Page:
One Flew Over the Cuckoo’s Nest
Friday, July 2 - Monday, July 5, 2010
“We meet a classic outsider — R.P. McMurphy, a quintessentially sane convict sent to the institution as a punishment for troublemaking — whose charisma and gall allow him to break through to a group of patients who’ve mostly fallen into a drugged lethargy. Their passive existence is reinforced by the unsmiling, domineering Nurse Ratched, who lines them up for compulsory tranquilizers and then leads them through group therapy in a stupor.
McMurphy has no insights into the nature of mental illness, which is his blessing. He’s an extroverted, life-loving force of nature who sees his fellow patients as teammates, and defines the game as the systematic defiance of Nurse Ratched and the system she personifies. In many of the best scenes in the film, this defiance takes the shape of spontaneous and even innocent little rebellions: During exercise period, the patients mill around aimlessly on a basketball court until McMurphy hilariously tries to get a game going.
He also makes bets and outrageous dares, and does some rudimentary political organizing. He needs the votes of ten patients, out of a possible eighteen, to get the ward schedule changed so they can all watch the World Series — and his victory is in overcoming the indifference the others feel not only toward the Series but toward existence itself. McMurphy is the life force, the will to prevail, set down in the midst of a community of the defeated. And he’s personified and made totally credible by Jack Nicholson, in another of the remarkable performances that have made him the most interesting actor to emerge in the last two decades. Nicholson, manically trying to teach basketball to an Indian (Will Sampson) who hasn’t even spoken in twelve years, sometimes succeeds in translating the meaning of the movie and Ken Kesey’s novel into a series of direct, physical demonstrations.”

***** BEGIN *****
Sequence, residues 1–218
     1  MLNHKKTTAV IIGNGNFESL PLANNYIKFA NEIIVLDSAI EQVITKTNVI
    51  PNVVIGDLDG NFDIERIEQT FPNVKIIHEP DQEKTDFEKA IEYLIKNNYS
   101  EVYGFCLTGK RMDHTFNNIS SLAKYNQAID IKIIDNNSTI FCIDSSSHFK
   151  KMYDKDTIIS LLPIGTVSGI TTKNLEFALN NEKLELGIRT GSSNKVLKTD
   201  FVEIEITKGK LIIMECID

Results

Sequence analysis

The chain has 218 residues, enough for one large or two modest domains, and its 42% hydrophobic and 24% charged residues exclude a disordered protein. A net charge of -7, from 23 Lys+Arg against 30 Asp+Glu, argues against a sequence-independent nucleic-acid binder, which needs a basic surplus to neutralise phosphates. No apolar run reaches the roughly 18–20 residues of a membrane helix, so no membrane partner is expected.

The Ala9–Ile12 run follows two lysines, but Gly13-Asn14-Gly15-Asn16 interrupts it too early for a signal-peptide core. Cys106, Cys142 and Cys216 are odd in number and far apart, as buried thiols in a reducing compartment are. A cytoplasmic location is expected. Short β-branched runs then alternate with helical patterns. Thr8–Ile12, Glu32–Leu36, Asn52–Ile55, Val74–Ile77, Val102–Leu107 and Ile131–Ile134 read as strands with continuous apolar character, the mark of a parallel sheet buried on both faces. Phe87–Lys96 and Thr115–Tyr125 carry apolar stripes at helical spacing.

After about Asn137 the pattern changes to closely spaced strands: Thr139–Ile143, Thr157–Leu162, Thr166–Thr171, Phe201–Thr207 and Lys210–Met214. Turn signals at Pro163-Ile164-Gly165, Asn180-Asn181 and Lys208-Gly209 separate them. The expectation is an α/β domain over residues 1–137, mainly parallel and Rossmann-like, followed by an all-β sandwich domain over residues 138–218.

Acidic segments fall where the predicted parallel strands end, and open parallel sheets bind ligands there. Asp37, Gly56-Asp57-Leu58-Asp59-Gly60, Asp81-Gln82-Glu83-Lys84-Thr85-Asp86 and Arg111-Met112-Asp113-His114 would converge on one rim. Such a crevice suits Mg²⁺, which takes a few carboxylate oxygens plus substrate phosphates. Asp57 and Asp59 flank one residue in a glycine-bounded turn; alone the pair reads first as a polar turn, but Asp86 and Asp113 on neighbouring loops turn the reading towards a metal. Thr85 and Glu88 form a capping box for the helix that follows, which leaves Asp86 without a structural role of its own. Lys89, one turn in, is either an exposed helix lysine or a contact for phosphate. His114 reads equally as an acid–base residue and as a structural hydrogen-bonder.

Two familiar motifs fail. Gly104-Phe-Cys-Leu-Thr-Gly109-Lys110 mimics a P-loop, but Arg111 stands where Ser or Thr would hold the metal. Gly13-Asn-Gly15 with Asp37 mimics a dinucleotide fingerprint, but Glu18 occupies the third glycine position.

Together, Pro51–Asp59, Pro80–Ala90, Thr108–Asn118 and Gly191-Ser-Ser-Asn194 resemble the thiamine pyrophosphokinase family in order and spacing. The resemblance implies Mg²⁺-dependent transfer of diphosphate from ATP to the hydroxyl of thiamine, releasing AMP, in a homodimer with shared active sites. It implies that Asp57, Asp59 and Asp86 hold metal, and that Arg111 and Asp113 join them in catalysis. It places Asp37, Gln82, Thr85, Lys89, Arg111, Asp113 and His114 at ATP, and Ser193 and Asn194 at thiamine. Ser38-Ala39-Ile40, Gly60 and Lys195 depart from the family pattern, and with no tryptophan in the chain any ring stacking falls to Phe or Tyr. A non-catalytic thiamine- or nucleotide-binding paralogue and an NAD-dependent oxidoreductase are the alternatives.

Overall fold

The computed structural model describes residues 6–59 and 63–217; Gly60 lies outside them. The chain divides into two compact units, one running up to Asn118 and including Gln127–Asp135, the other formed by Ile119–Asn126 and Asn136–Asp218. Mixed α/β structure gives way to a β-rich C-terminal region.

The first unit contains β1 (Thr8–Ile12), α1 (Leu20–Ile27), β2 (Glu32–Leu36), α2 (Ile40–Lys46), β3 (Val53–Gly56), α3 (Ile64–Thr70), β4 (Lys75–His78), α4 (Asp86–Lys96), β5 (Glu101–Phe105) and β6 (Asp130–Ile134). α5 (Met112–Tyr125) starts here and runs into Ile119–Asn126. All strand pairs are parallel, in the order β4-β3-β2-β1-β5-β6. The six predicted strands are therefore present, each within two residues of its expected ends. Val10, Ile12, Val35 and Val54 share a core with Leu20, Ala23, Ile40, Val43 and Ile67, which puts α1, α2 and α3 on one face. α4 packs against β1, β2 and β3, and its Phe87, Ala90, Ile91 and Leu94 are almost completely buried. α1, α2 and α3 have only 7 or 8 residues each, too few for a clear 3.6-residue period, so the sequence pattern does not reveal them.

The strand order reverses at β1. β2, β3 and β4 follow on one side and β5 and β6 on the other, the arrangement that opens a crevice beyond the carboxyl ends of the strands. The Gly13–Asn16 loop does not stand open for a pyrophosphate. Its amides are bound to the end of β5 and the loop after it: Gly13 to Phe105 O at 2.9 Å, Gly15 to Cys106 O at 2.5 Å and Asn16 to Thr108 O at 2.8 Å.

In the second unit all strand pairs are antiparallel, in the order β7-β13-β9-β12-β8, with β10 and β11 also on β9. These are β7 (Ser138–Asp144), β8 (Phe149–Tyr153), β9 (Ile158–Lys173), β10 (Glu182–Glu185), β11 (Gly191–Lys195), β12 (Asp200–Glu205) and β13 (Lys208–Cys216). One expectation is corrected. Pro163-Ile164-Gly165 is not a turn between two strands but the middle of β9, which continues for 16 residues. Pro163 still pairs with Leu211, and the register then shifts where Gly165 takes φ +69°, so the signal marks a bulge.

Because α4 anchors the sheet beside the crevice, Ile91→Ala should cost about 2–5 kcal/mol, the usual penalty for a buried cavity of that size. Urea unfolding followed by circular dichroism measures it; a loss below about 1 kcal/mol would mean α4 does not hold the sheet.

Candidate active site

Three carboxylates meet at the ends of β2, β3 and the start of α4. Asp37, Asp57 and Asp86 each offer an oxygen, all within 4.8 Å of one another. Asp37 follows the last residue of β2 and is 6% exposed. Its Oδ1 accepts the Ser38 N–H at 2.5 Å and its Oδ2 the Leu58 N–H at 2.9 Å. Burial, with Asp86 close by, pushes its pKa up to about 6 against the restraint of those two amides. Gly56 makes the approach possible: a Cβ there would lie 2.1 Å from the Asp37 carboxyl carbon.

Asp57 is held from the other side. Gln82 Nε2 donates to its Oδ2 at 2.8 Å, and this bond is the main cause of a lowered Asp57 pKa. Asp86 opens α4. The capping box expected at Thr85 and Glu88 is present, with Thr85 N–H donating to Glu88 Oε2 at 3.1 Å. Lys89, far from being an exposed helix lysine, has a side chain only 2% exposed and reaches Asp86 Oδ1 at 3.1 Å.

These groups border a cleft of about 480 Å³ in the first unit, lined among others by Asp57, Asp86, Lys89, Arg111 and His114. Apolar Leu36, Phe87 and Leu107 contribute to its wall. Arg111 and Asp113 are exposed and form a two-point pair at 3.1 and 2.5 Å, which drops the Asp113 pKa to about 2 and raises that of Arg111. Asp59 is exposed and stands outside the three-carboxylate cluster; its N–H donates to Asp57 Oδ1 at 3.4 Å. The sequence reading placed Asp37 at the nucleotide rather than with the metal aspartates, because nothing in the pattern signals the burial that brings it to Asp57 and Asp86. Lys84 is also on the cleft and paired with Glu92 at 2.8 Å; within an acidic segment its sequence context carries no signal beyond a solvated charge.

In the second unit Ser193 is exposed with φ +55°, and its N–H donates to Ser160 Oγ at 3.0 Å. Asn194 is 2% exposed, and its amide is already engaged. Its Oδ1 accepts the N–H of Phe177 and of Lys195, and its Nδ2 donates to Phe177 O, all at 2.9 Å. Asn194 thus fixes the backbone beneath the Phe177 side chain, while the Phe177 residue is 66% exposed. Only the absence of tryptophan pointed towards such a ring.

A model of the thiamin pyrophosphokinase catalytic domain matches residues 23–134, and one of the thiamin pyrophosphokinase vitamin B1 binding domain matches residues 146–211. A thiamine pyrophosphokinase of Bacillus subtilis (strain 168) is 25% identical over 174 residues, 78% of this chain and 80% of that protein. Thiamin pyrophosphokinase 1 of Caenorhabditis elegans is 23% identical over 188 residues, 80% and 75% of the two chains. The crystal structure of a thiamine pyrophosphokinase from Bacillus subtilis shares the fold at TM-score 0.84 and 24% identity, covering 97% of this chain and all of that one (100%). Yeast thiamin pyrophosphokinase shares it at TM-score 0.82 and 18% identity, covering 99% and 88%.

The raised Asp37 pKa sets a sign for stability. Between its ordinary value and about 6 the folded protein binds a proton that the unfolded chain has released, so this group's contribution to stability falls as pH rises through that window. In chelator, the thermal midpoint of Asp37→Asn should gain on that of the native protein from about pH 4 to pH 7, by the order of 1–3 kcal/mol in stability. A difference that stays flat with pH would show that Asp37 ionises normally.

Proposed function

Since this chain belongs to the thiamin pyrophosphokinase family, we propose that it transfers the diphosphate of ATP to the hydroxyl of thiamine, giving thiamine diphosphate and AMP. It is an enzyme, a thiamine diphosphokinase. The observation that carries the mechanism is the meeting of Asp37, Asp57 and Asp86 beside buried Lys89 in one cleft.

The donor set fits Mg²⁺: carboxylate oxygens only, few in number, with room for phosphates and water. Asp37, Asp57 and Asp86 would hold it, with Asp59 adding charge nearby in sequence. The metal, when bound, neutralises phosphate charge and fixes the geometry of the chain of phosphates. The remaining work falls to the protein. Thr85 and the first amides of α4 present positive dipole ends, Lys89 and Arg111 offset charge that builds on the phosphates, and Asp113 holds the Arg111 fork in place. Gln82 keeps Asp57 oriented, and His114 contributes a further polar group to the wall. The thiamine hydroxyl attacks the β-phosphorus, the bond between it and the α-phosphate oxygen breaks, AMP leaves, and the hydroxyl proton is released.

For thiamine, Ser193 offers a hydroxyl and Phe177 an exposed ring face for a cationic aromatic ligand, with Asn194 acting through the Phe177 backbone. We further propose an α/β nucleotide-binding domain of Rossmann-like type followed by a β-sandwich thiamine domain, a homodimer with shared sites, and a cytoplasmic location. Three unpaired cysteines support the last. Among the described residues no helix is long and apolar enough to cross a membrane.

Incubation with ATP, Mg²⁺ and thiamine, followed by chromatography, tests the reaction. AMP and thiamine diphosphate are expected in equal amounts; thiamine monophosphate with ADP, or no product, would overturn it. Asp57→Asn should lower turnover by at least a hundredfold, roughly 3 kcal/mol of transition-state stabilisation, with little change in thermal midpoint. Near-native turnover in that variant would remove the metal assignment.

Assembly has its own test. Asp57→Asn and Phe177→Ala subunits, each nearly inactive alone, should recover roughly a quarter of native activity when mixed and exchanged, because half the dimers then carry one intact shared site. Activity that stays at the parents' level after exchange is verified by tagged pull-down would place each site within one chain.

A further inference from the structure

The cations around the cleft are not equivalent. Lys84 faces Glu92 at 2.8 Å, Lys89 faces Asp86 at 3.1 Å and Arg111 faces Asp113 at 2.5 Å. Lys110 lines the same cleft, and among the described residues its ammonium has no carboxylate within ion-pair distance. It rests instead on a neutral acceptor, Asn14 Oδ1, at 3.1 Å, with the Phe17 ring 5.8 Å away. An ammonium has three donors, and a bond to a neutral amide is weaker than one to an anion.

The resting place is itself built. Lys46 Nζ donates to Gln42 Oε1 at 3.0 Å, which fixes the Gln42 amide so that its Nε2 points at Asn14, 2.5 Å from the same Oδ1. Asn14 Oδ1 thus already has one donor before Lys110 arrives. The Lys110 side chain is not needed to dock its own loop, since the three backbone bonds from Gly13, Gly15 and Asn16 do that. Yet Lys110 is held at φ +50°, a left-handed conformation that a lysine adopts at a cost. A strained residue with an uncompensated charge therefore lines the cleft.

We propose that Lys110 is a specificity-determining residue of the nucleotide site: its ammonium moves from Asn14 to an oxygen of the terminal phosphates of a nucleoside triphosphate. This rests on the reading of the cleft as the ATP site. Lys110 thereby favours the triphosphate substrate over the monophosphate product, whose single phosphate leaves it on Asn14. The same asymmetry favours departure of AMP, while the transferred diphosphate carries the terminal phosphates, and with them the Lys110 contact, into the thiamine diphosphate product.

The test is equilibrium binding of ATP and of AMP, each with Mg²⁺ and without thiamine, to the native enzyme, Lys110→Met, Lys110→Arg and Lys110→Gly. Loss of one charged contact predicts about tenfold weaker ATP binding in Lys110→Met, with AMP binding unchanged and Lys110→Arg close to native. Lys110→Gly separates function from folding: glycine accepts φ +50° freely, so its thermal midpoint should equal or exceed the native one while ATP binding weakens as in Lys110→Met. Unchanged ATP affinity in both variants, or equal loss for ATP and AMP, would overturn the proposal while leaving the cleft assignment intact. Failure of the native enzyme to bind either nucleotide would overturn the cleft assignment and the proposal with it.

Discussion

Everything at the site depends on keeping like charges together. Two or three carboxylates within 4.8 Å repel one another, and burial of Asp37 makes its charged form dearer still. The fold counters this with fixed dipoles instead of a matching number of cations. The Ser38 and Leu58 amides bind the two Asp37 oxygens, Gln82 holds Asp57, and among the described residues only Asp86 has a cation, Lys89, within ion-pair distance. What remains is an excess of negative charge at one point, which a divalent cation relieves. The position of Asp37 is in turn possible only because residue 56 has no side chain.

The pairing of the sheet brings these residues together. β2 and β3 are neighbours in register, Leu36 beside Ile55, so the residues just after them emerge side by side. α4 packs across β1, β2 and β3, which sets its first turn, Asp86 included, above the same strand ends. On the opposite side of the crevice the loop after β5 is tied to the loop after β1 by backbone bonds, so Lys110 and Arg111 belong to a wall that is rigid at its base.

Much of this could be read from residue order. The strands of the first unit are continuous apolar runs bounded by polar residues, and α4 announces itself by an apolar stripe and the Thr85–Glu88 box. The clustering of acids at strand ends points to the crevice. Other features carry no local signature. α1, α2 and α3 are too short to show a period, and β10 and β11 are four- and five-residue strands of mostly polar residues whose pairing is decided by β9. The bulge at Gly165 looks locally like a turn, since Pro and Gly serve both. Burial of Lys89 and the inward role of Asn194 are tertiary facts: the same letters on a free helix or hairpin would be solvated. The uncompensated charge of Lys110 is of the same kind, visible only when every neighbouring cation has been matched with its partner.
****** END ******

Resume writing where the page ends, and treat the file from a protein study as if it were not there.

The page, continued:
– Rogert Ebert, Chicago Sun-Times
Print courtesy of the Academy Film Archive.
- Country USA
- Rating R
- Year 1975
- Running Time 133 min. minutes
- Director Milos Forman